I moved through the crowded emergency room toward bed 4 where a young man lay with his leg wedged in improvised pillows made of tattered old clothes. He was disoriented and his eyes drifted in and out of focus. His young mother, similarly clothed in a torn second-hand t-shirt, wasn’t sure exactly how old he was but I guessed 11 or 12.
For a brief moment I thought, “We should be playing soccer together with my son.”
But the impressively swollen leg made that impossible, and his delirium told me that the infection in his leg was rapidly progressing through his bloodstream. With a crowded emergency room and outpatient clinic still full of patients to be seen, I hastily told the mother he would need powerful medicines through a “blood-tube” in his arm and to stay in the hospital. She looked a bit lost - as though she had never seen a permanent building before – but there was an implicit (and terribly beautiful) trust in her eyes as she committed her son to my care. I grabbed a nursing student to begin the IV antibiotics, wrote orders for an X-ray and made my way back to the clinic.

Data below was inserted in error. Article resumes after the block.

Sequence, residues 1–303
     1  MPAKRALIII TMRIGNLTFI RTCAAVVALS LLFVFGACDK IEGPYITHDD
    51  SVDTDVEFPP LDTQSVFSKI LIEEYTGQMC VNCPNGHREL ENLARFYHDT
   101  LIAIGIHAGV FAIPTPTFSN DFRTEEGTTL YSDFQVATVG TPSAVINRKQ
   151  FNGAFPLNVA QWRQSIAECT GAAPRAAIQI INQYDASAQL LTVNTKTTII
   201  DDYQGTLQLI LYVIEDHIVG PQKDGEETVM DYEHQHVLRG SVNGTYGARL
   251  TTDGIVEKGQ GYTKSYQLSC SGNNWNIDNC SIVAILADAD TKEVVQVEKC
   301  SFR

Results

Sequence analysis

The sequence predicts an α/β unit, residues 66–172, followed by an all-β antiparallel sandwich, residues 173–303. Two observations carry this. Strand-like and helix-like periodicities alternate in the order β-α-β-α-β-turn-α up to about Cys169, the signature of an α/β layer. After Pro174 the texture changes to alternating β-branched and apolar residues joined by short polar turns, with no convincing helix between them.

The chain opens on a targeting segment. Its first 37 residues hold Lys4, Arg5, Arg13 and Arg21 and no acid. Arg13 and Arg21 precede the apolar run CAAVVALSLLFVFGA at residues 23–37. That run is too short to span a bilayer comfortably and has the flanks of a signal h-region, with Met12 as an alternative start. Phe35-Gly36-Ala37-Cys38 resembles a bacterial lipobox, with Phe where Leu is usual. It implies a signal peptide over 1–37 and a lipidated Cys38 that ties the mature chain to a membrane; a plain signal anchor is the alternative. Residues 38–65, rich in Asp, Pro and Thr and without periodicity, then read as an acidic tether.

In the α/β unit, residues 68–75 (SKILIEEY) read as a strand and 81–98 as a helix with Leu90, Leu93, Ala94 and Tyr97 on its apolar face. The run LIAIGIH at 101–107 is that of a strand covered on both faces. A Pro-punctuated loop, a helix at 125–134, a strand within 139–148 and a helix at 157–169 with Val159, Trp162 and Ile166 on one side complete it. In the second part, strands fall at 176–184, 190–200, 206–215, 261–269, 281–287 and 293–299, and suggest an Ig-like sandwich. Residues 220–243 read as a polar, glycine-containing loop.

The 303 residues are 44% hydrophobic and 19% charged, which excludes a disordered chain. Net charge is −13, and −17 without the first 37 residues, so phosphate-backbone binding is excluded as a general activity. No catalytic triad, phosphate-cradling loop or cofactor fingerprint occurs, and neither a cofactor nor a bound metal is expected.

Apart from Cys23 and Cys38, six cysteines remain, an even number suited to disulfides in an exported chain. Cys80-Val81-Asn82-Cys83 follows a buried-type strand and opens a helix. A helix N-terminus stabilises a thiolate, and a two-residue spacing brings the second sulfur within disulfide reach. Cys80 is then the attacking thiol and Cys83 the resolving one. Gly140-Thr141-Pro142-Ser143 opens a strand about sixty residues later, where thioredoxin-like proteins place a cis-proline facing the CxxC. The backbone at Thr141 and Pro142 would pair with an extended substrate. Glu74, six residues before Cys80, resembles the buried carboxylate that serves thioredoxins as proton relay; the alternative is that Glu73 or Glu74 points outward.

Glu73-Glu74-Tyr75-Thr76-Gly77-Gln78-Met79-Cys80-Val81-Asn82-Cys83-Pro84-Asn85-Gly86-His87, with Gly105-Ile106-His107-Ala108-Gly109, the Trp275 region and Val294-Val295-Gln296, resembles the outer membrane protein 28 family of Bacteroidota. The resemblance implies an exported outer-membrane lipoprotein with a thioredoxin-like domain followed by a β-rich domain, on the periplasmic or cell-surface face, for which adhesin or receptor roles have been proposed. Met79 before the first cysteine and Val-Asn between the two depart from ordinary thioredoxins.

The noise of a helicopter made me pause. Time to get changed into scrubs. Our provincial health team notified us earlier that a sick mother was being transported due to delivery complications. As I went to delivery bed number 1, our Papua New Guinean medical resident Sheila was already working with the nurses on emergency stabilization. Her lifeless form was pale and her eyes she searched the room for anything familiar, but quickly rolled into the back of her head again. While she wasn’t actively bleeding now, she had been for the past 3 days when her baby was delivered at her home in one of the most remote corners of the globe. A nearby aid post attempted to deliver the placenta the next day but the cord broke, oozing blood. After another day’s journey to the health center, the nursing officer at a small Anglican clinic at Koinambe managed to radio out for a helicopter and she arrived at Kudjip clinging to life with a hemoglobin concentration of 2.8 g/dL [normal range 12-14].
Dr. Sheila aggressively resuscitated her with IV fluids and 2 units of emergency type “O” blood in addition to strong antibiotics. But we knew that shortly we would need to remove the decaying afterbirth and pray that she responded.